Lessons from Westminster

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Latest Briefings

Do payment processors wield too much power?

By Simon de Broise  Payment processors, as the name suggests, facilitate payments by credit and debit cards for both online and point of sale transactions. The payment processor acts as an intermediary between the merchant (e.g. a retailer or airline) and the customer’s bank, facilitating the rapid authorisation (or otherwise) of the payment and initiating (and […]

Making alterations to rented business premises in Guernsey

By Piers Dereham I want to carry out fitting-out works to my business premises but my landlords say I will have to remove them when my lease expires. They are also saying that they need to check my plans before they agree to anything. Is this correct? Yes. Most commercial leases contain clauses requiring you to […]

Ignoring Turkish law on data breaches could put you in prison

Data processors resident outside Turkey whose activities affect Turkey may also need to register by 30 September 2019. Even failing to delete expired data can be punished by one to two years’ imprisonment. As a candidate state for EU membership, Turkey aligns much of its legal system with EU law, hence its 2016 Law on the […]

Amendments to the legislation of Kazakhstan on corporate matters

By Bolat Miyatov  On 2 July 2018, the Law of the Republic of Kazakhstan No. 166-VI “On Amendments to Certain Legislative Acts of the Republic of Kazakhstan on Insurance and Insurance Activities, Securities Market” was adopted. Among other things, this legislative act has amended the Law of the Republic of Kazakhstan dated 13 May 2003 No. […]

Six weeks to go until Brexit: What’s going to happen to environmental law?

By Ben Stansfield, Lee P McBride, Andrew Litchfield One of the great beneficiaries of the European Union has been the environment. Since the very beginnings of the EU, Member States have come together and enacted a great variety of environmental laws, leading to cleaner seas, flourishing habitats and healthier citizens. With Brexit only a few weeks away, this […]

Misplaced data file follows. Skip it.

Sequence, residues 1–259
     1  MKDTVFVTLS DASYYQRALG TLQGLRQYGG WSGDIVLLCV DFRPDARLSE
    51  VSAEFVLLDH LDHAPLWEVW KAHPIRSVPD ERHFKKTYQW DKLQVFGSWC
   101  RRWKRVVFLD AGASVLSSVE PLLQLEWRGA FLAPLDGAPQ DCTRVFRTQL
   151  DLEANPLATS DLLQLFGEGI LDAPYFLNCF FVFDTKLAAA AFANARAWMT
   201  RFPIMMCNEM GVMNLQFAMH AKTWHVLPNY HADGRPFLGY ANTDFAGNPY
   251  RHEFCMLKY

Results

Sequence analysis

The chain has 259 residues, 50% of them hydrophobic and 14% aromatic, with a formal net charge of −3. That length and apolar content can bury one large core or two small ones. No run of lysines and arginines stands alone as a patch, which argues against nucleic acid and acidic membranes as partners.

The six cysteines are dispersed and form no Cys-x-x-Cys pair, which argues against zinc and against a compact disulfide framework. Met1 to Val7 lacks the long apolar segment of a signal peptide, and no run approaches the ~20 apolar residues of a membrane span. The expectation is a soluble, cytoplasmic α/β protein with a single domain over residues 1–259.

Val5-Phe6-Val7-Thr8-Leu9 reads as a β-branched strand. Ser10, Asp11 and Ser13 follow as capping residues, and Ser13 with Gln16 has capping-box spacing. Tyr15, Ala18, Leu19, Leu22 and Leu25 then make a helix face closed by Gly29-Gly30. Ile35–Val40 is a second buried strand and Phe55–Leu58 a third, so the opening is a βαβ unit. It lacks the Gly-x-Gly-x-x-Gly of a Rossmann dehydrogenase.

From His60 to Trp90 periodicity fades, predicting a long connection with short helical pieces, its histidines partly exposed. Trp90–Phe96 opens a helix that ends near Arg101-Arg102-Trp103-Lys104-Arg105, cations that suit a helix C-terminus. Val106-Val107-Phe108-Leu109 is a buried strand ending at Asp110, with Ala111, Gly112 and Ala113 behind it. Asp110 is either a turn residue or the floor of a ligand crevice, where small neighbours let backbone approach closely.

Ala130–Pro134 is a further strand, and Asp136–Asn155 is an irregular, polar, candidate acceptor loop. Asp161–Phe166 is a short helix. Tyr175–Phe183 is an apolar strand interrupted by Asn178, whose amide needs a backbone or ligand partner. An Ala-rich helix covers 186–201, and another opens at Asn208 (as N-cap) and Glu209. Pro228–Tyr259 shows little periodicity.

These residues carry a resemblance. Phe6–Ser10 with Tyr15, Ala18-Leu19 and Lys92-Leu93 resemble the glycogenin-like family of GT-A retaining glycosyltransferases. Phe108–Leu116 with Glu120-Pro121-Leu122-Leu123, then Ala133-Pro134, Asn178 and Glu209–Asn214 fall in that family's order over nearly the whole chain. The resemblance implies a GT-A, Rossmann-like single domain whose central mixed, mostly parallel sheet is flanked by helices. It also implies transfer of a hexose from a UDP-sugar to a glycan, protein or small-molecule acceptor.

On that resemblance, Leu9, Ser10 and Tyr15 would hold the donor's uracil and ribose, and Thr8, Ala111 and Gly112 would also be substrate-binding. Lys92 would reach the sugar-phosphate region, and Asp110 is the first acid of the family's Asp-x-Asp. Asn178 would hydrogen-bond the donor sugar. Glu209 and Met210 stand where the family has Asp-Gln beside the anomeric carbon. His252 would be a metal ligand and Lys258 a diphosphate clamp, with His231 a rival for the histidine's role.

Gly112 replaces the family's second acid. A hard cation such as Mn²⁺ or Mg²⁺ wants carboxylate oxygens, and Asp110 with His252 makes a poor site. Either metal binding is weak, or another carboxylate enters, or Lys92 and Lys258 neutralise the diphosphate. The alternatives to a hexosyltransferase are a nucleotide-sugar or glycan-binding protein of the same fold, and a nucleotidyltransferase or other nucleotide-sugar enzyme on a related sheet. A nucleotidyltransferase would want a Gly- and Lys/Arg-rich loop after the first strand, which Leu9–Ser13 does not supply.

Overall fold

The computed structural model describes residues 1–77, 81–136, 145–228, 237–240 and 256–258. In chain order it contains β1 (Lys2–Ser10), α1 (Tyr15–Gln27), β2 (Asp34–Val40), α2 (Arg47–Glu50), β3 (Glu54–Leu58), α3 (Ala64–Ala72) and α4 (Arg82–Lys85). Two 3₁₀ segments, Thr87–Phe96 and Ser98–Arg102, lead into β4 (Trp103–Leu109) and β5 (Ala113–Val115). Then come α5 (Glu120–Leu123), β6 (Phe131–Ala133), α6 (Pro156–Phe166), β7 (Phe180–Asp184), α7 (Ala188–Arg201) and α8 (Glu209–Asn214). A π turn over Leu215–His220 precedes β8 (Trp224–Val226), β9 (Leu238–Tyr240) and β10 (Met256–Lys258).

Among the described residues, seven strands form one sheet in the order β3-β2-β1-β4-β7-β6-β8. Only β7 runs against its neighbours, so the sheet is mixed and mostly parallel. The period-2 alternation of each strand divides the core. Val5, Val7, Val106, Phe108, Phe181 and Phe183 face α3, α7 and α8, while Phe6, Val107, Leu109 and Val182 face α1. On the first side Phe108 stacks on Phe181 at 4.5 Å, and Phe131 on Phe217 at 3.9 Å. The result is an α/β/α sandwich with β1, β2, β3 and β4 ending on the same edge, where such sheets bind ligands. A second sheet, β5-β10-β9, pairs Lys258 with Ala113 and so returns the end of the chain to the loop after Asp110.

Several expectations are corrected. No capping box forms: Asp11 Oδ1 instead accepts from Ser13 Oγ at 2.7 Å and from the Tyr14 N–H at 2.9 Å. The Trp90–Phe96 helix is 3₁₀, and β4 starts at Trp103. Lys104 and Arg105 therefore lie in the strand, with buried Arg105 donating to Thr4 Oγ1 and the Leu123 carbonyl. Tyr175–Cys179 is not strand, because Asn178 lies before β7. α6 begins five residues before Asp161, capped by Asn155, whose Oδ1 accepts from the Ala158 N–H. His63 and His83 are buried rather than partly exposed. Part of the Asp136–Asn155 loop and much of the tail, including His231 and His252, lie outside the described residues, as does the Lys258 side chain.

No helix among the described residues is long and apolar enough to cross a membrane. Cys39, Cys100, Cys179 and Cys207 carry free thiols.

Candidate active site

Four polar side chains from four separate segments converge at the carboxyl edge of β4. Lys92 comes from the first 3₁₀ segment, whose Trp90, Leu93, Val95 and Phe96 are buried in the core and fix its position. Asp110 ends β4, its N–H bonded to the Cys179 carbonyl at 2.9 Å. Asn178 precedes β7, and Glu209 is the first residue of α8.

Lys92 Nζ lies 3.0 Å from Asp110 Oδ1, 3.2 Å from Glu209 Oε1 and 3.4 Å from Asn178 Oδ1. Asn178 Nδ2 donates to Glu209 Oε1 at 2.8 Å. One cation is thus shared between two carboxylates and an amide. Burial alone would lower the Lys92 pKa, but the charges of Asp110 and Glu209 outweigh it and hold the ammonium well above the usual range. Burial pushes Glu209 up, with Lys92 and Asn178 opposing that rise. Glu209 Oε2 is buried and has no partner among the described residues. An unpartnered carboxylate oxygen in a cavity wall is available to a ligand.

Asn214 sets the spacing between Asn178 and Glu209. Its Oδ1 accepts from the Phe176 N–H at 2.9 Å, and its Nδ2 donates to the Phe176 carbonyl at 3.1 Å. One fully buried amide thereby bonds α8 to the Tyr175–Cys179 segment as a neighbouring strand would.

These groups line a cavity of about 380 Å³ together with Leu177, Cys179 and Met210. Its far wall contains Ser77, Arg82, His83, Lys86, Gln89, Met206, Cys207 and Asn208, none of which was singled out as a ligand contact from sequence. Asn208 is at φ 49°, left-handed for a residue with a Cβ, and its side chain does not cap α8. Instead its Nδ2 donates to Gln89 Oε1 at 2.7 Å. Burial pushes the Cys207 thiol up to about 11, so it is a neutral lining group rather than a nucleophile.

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Open minds on open market for SIF

LET there be no mistake large commercial law firms are very angry about what has happened at the Solicitors Indemnity Fund (SIF). And they have good reason. The figures show that under SIF large firms (which tend to have good claims records) have consistently been subsidising smaller firms (which are more likely to have bad […]

…but forges ahead with block contract advice plans

LEGAL aid solicitors have reacted with shock to Lord Irvine’s announcement last week that he wants to replace the existing green form advice and assistance pilots with an exclusive contracting scheme by the end of 1999. No research has been published from the two pilots now operating for private firms and voluntary organisations, but Lord […]

Freshfields defends role in Lloyd's-Equitas deal

Freshfields has denied any potential conflict of interest in its unusual role advising both the Lloyd’s Corporation and Equitas in negotiations for Equitas to take on the £570m reinsurance liability of Lioncover. Lioncover was set up in 1987 to take on millions of pounds in liabilities from the Peter Cameron Webb (PCW) syndicates which were […]

Partner wins unfair dismissal claim against Finchley firm

A salaried partner at a North Finchley firm who was sacked after demanding £2,800 in commission has won his claim for unfair dismissal at North London Industrial Tribunal. John Getling, a salaried partner for three and a half years at general commercial practice Peter Brown & Co, told the tribunal, held last November, that after […]

In brief: Channel 4 chairman stays at Macfarlanes

Vanni Treves, recently appointed as chairman of Channel 4, will continue as senior partner at Macfarlanes, where he is midway through his fourth three-year term. He concedes that his recent appointment was a surprise to some but said his wide experience of business and regulatory matters was crucial to his selection.

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